• Cinefantastique vol.2 no.2 (Summer 1972) pp.16-37 – interviews (Dialogues on apes, apes and more apes by Dale Winogura)
  • Cinefantastique vol.3 no.1 (Autumn 1973) p.29 – illustrated review (by Dale Winogura)
  • Cinefantastique vol.33 no.4 (August 2001) pp.34-37 – illustrated article (Planet of the Apes: the original series by Mark Phillips and Frank Garcia)
  • Cinema TV Today no.9992 (5 August 1972) p.19 – credits, review (The new films by Marjorie Bilbow)
  • Empire no.203 (May 2006) p.165 – illustrated DVD review (At Home/Reissues on DVD: Box sets by Sam Toy)
  • Film Comment vol.31 no.5 (September/October 1995) pp.62-66 – illustrated article (Son of Apes by Michael Atkinson)
  • Filmfacts vol.15 no.8 (1972) pp.175-177 – reprinted reviews
  • Films and Filming vol.18 no.12 (September 1972) p.42 – credits, review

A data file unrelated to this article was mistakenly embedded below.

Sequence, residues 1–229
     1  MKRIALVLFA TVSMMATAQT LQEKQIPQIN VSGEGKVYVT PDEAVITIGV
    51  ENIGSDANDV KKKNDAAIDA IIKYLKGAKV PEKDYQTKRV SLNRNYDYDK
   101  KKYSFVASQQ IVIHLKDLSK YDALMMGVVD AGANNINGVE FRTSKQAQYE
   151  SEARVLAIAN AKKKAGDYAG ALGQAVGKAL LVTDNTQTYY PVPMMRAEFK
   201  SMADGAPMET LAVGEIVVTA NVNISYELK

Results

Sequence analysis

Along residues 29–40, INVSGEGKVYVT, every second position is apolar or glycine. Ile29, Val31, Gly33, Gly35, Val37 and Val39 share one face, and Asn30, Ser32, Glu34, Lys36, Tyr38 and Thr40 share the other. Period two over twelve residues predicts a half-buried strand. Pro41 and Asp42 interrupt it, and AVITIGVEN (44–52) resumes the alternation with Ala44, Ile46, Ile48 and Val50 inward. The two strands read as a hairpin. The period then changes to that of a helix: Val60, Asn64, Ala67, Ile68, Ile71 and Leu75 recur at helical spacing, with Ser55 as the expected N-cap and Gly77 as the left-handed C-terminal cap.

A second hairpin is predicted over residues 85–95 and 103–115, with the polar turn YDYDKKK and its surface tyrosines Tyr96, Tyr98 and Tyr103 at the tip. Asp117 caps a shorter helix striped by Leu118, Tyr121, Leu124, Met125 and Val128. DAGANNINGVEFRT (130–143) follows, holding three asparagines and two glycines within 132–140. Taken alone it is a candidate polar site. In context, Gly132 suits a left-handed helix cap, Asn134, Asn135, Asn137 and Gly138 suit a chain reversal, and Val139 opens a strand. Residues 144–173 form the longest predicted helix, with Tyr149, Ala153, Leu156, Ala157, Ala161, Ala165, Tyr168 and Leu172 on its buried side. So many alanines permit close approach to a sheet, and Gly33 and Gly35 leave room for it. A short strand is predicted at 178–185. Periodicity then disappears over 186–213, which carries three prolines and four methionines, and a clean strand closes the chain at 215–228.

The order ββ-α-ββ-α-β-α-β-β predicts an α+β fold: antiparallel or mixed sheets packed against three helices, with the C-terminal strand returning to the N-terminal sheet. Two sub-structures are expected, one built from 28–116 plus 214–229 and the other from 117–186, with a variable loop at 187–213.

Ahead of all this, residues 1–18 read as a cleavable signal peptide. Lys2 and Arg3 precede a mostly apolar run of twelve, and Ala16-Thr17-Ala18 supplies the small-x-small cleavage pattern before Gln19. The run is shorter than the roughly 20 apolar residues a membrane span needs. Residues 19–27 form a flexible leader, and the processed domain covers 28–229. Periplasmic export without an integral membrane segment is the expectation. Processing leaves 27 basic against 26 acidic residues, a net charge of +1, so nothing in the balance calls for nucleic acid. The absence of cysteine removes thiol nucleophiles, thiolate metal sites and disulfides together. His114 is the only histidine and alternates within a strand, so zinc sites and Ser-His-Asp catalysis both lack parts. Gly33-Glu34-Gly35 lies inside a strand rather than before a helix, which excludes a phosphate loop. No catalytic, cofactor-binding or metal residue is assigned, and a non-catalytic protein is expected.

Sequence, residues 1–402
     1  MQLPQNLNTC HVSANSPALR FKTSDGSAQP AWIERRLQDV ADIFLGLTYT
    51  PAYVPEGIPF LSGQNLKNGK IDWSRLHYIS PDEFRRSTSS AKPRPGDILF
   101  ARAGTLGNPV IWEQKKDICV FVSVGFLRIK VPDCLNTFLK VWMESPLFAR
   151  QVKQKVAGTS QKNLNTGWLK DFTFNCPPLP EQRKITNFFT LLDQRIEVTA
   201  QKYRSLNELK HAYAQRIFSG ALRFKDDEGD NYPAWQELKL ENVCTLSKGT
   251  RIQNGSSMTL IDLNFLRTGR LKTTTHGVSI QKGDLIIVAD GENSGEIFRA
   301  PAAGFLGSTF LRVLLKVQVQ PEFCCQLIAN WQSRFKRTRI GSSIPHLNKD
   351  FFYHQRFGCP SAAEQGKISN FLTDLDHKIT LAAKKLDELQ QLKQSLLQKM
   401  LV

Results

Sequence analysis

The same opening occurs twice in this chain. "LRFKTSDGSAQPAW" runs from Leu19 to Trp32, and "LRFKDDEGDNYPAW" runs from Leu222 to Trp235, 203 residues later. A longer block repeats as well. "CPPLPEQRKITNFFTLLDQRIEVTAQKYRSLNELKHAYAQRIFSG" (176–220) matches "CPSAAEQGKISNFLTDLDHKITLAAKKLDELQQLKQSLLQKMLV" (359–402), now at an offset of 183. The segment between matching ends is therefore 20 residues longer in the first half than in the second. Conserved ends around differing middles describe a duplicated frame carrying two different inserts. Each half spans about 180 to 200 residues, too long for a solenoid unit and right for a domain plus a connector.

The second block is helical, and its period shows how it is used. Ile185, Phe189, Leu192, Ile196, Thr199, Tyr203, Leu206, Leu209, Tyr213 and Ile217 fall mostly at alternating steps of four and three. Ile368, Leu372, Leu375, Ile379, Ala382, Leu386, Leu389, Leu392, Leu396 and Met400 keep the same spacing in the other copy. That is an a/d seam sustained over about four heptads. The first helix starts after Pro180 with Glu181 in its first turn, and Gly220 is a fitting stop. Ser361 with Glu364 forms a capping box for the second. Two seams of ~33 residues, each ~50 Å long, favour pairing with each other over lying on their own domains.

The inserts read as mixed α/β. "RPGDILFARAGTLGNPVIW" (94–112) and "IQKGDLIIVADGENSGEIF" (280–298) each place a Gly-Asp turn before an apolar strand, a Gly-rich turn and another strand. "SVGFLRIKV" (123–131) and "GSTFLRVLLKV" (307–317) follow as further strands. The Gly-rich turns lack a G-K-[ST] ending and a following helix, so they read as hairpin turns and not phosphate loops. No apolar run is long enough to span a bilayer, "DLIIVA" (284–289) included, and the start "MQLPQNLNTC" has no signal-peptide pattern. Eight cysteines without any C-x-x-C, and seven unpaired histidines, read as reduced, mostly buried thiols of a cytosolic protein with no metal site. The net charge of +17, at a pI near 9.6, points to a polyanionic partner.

• Films Illustrated vol.2 no.14 (August 1972) p.42 – credits, review
  • The Hollywood Reporter vol.220 no.11 (25 Februay 1972) p.13 – credits
  • The Hollywood Reporter vol.221 no.35 (9 June 1972) p.3 – credits, review
  • Legend no.34 (2001) p.23 – CD review (Soundtrack reviews by Dirk Wickenden)
  • Monthly Film Bulletin vol.39 no.463 (August 1972) pp.157-158 – credits, synopsis, review (by Cyde Jeavons)
  • Soundtrack! The Collector's Quarterly vol.20 no.77 (Spring 2001) p.25 – illustrated record review (Soundtrack review by Randall D. Larson)
  • Today's Cinema no.9945 (5 October 1971) p.4 – note (Apjac's future plans)
  • Variety vol.267 no.5 (14 June 1972) p.18 – credits, review (by Murf)


  • Hoffman's Guide to Science Fiction, Horror and Fantasy Movies 1991-1992 p.77 – credits, review
  • Reference Guide to Fantastic Films by Walt Lee pp.73-74 – credits